Goddard Planetarium

Comets, quasars, black holes—the night sky is filled with things wild and wonderful. Like the imagination of a child, space is beautiful and boundless.

The 120-seat Robert H. Goddard Planetarium presents star shows, multi-media presentations, and hands-on activities for children and families that help us understand the changing universe and the impact of space science on our lives.
At special times throughout the year, the Roswell Astronomy Club presents Star Parties at the Planetarium, using their telescopes to view events in our solar system.

The Planetarium was opened in 1969 as a collaboration between the Roswell Independent School District and the Roswell Museum and Art Center.

Join us for family-friendly programming every Wednesday, January through March. Show times are 2 pm and 3:30 pm. Shows will also be offered on Saturday, once a month: January 28, February 25 and March 25 at 1:30 pm.

Touch the Stars: Teach Bigger is a digital conversion project currently being undertaken at the Goddard Planetarium. This fundraising campaign will culminate in converting our nearly 50 year old analog system into cutting-edge digital technology through the Digistar 6 projection system. The Roswell Museum and Art Center Foundation has committed its resources and support to raising the funding necessary to realize this goal. Ultimately, this project will allow the Goddard Planetarium to remain relevant to 21st century audiences, serve as a catalyst for space science education, and usher in STEM and STEAM programming for areas schools. To make a donation. please contact the RMAC Foundation office at 575-627-0918. Email: rmacfound@qwestoffice.net. Mailing address: 400 N. Pennsylvania Avenue, Suite 220, Roswell, NM  88201.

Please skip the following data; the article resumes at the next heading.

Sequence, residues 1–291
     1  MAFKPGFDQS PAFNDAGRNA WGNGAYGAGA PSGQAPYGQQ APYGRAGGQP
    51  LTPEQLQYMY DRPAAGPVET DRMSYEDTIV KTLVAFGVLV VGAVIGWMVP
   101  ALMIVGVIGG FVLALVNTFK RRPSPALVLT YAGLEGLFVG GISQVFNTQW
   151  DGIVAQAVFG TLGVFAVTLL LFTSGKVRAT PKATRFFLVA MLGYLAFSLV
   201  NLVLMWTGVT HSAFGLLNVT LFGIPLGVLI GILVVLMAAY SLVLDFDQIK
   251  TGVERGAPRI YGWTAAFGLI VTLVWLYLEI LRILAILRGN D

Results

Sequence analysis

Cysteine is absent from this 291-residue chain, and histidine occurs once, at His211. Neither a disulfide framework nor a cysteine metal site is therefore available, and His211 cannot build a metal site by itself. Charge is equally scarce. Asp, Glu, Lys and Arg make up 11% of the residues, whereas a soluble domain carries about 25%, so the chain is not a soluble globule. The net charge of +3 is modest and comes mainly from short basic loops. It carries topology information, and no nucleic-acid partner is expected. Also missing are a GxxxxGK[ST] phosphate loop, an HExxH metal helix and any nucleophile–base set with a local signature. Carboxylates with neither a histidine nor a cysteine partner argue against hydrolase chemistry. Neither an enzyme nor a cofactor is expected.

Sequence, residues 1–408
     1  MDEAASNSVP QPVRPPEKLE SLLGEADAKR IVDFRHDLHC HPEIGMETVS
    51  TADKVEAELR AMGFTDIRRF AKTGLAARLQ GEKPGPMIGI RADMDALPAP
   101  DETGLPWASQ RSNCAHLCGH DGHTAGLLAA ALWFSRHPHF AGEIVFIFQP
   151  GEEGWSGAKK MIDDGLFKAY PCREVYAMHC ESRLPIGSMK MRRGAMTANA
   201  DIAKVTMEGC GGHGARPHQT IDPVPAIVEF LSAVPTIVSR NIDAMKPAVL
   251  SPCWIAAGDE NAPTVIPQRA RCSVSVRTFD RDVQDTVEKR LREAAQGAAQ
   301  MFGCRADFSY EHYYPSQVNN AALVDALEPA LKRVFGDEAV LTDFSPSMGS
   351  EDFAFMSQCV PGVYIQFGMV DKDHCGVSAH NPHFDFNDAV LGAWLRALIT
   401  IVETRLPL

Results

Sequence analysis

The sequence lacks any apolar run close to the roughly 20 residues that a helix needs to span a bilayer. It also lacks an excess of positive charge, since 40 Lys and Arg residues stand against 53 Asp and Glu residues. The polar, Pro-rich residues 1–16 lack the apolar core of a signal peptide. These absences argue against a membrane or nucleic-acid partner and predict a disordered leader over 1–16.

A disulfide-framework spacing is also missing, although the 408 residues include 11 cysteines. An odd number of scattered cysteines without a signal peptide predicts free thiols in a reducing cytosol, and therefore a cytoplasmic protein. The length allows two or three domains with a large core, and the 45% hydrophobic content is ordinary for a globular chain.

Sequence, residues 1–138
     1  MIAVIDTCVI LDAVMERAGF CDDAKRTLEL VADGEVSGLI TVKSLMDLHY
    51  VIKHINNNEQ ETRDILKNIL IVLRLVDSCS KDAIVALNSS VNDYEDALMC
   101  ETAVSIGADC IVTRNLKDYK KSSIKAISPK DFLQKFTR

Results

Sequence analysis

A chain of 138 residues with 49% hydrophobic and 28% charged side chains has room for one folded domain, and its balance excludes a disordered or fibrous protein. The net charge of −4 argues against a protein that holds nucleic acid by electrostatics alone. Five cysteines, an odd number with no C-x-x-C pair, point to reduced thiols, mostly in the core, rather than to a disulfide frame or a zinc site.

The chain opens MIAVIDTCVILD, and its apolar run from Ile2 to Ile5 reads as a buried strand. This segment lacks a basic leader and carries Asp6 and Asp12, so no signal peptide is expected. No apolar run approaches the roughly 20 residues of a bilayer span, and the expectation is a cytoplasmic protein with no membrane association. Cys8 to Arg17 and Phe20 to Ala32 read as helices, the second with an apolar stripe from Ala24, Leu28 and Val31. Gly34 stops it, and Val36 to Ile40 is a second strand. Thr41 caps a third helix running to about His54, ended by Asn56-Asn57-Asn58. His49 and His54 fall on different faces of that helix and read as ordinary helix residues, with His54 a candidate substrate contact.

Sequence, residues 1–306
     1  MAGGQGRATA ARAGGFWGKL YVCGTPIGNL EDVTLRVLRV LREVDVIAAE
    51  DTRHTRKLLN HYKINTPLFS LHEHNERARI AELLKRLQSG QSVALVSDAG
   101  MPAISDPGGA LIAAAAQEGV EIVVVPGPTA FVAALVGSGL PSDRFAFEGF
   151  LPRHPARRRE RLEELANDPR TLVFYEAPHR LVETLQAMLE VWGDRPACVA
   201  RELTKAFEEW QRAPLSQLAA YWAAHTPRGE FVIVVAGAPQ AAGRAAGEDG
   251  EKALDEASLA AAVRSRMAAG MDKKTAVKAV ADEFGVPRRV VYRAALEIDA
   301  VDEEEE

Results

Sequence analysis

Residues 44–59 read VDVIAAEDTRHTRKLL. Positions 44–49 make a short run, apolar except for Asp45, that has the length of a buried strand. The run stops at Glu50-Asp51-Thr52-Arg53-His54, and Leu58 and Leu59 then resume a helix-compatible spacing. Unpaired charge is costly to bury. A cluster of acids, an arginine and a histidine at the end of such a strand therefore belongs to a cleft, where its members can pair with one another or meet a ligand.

Program Schedule for May 2017:

Wednesdays in May (May 3, 10, 17, 24 & 31)

2:00 pm: 

Planet Saturn (documentary, 46 min., appropriate for all audiences) 

This fascinating documentary will examine the planet Saturn including a look at its fascinating rings, discoveries from the latest probe missions, and how Saturn's moon Titan may hold more resources of petroleum than Earth will ever need.

3:30 pm: Mission Juno (documentary, 64 min., appropriate for all audiences)

As the largest planet orbiting the sun, Jupiter has had a profound influence on the solar system, but its origin remains a mystery. Learn about the Juno Mission and its discoveries including details about the gas giant’s gravitational and magnetic fields and the swirling clouds that form Jupiter’s colorful, trademark atmosphere.  The spacecraft will also reveal what Jupiter is made of and how much of it is water.  

Saturday, May 27, 1:30 pm
The Year of Pluto – New Horizons
(2015 documentary, 59 min. appropriate for  audiences)

New Horizons is the first mission to the Kuiper Belt, a gigantic zone of icy bodies and mysterious small objects orbiting beyond Neptune. Johns Hopkins University Applied Physics Laboratory (APL) in Maryland, designed, built and operates the New Horizons spacecraft, and manages the mission for NASA’s Science Mission Directorate in Washington. This documentary takes on the hard science and gives answers to how the mission came about and why it matters.     Pluto – New Horizons (2015 documentary, 59 min. appropriate for  audiences)